Why Are There Snowblowers in Miami? (Transform Your Business Using Five Principles of Engagement), written by Steven D. Goldstein, published by Greenleaf Book Group Press, September 2016.
Once in a while, I read a book and I just can’t relate. The author’s experience was not my experience and the storytelling leaves me on the outside looking in. Other times, there are writers that immediately draw me in. Even if I have not experienced what they are describing, I can feel it through their words.
Then, there is Why Are There Snowblowers in Miami?.
I read it this week and wondered when the author visited my former work life! I am already looking forward to re-reading it because there are so many great stories and useful tidbits to take away from it. I only wish it had been written five years ago when I was working full time in corporate America.
The five principles of engagement are offered right up front: fresh eyes, connecting, hot buttons, transparency and speed. What do they mean? Well, you’ll have to read the book to learn more but, rest assured, the rest of the book offers valuable insights, real life examples, plausible solutions, and abundant encouragement.
Can a book about employee engagement really be an interesting read? This one certainly is. Here are just a few topics that held my attention; I bet you can relate to some, if not all, of them.
- I’ve often thought about employee engagement but had not given a lot of thought to leader engagement. Disengaged leaders (isn’t that an oxymoron?) can break a team, veer an organization off course and kill innovation. As I read about this topic, recalling leaders I’ve worked with over the years, light bulbs were going off left and right!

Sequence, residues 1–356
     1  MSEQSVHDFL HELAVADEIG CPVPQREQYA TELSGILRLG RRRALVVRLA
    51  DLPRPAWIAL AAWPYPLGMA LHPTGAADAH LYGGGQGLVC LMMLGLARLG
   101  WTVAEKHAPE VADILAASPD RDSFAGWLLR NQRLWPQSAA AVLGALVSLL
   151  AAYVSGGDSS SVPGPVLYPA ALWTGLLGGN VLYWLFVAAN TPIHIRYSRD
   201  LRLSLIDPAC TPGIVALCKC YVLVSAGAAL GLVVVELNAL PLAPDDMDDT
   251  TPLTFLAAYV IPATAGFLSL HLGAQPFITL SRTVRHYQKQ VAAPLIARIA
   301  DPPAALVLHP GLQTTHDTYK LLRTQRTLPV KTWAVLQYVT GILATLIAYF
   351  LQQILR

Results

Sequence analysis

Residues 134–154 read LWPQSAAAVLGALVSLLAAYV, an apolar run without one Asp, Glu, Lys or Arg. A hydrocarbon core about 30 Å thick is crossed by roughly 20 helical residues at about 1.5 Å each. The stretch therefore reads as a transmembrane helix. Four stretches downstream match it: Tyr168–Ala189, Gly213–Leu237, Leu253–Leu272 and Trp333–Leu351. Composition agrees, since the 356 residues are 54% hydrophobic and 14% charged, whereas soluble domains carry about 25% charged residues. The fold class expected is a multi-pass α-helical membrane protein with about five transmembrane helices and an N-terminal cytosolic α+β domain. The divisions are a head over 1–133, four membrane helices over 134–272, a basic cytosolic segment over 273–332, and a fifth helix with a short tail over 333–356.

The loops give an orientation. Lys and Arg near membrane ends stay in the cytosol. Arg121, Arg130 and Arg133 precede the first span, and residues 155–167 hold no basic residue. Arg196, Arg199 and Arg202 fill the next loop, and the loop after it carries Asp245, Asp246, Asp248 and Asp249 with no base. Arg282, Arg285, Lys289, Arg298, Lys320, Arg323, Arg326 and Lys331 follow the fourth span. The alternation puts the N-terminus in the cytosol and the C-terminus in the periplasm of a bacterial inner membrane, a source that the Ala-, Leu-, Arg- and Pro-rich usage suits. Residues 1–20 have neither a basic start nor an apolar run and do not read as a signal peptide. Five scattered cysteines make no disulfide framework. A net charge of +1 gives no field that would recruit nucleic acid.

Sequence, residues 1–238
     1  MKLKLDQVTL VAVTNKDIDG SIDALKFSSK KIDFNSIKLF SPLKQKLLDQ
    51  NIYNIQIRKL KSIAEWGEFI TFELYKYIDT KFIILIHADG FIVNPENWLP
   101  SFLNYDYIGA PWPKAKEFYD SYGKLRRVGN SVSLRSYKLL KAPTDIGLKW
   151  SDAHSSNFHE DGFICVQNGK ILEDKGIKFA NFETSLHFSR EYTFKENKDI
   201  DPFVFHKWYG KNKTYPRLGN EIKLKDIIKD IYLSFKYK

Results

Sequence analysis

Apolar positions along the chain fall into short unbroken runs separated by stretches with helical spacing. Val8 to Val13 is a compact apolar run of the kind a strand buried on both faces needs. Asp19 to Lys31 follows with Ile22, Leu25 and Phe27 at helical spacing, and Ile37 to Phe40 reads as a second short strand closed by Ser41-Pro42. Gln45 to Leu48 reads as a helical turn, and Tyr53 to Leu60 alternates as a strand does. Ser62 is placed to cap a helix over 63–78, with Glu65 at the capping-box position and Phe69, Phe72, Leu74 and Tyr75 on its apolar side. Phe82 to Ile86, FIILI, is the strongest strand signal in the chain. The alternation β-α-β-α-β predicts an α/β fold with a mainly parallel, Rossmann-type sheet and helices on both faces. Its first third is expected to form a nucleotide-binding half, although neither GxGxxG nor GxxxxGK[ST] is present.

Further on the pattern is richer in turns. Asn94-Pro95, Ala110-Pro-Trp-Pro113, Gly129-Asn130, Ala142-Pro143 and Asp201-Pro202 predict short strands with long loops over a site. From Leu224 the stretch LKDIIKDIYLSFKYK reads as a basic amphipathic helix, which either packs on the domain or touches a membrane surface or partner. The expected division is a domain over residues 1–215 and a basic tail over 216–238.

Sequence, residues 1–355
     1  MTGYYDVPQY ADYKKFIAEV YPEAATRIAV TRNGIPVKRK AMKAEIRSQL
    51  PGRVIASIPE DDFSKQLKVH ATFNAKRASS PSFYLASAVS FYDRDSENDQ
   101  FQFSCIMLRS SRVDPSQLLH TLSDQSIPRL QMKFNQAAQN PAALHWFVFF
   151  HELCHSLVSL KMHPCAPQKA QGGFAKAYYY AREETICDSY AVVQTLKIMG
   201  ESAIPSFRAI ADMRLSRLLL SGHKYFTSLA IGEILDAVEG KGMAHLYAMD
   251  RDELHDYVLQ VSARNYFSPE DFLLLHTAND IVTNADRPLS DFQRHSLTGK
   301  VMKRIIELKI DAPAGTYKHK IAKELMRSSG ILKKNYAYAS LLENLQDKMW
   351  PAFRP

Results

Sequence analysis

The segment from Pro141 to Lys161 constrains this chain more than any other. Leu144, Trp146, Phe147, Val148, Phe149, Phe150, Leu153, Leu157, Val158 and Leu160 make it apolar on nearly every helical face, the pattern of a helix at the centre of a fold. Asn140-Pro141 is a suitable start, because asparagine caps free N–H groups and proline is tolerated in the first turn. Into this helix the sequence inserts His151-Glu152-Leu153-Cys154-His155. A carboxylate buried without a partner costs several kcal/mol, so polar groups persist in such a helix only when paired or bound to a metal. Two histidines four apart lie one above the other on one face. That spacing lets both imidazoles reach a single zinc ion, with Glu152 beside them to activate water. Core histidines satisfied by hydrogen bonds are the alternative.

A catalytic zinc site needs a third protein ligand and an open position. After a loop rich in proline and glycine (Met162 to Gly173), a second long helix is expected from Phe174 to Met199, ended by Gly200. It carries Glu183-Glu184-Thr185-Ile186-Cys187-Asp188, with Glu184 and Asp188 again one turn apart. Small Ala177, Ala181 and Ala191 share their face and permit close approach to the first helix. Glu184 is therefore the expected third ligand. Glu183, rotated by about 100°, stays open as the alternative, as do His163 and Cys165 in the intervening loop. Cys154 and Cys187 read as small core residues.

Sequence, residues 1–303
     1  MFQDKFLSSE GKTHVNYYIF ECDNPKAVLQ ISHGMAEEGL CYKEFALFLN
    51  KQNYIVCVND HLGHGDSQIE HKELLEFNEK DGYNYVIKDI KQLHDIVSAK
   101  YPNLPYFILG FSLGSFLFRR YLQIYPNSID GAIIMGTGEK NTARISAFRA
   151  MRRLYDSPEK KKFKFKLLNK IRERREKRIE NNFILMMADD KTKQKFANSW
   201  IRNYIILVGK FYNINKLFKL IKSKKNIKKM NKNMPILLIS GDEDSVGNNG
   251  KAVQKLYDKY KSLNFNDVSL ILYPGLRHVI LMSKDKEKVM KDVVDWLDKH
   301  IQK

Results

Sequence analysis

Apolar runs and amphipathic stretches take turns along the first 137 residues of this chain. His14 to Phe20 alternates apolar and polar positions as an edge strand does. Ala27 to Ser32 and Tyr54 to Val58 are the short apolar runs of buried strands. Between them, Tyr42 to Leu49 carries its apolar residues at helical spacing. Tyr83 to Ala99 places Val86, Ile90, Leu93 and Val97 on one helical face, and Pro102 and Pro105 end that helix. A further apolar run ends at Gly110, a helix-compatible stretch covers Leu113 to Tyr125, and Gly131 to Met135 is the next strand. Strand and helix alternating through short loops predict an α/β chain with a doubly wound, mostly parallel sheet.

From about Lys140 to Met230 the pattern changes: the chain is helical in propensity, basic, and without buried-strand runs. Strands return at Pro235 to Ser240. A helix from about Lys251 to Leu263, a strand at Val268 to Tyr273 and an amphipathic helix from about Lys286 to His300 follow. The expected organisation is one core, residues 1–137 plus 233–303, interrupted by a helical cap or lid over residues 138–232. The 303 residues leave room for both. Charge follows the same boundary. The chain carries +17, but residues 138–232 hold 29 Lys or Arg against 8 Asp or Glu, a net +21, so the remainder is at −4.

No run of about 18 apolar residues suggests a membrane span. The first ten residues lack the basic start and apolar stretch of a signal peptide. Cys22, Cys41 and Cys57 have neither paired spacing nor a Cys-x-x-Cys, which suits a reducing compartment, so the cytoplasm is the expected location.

- “Meeting hell” is a problem at many organizations; decision meetings that end up without a decision, meetings in which too many – or not the right – people are included, meetings held just because they are on the calendar, meetings to plan other meetings. Then there are the handouts; they are either not sent a couple days in advance so invitees have the chance to read them, or they are sent in advance but not read by the meeting invitees. The author provides guidelines on effective meetings; which ones to have and how to make them productive.
- Email, email, email…another challenge. Too many people cc’d on them to begin with, then everyone weighing in with an opinion and choosing “Reply All” instead of just responding to the sender. One email quickly multiplies and before you know it you have ten new messages. Is that really communication?
- The importance of talking to and connecting with frontline leaders and customer-facing staff is near and dear to my heart. Who directly interacts with your product, service and/or customer? Those are the people with the most valuable insights and, often, the best ideas to make customer service better. Yet, the decision-makers rarely spend any time with them. Goldstein spends a good amount of time explaining why this activity is so critical.
- Information sharing, or the lack thereof, is another challenge in many companies. Employees want to know how decisions are made, what the corporate financial status is, how market trends or product and customer news might affect the business. Providing this type of information in a consistent, accessible and comprehensible manner increases employee loyalty and engagement, yet so many leaders hold it close to the vest.
- What can big business learn from start-ups? A lot, according to Goldstein. There is a reason why start-ups have a high level of employee engagement! Established companies can learn from their example by adopting a “there is no ‘no’ attitude”, learning to pivot, and acting quickly; three topics discussed in this section.
And, by the way, why are there snowblowers in Miami? Well, you’ll have to pick up the book and find out. Click here to order a copy from Amazon. It will be a great addition to your business leadership library.
A copy of this book was provided to me at no cost by the publicist. In no other way was this review influenced by the publisher, author, or anyone else connected to Why Are There Snowblowers In Miami? The opinion expressed here are entirely my own.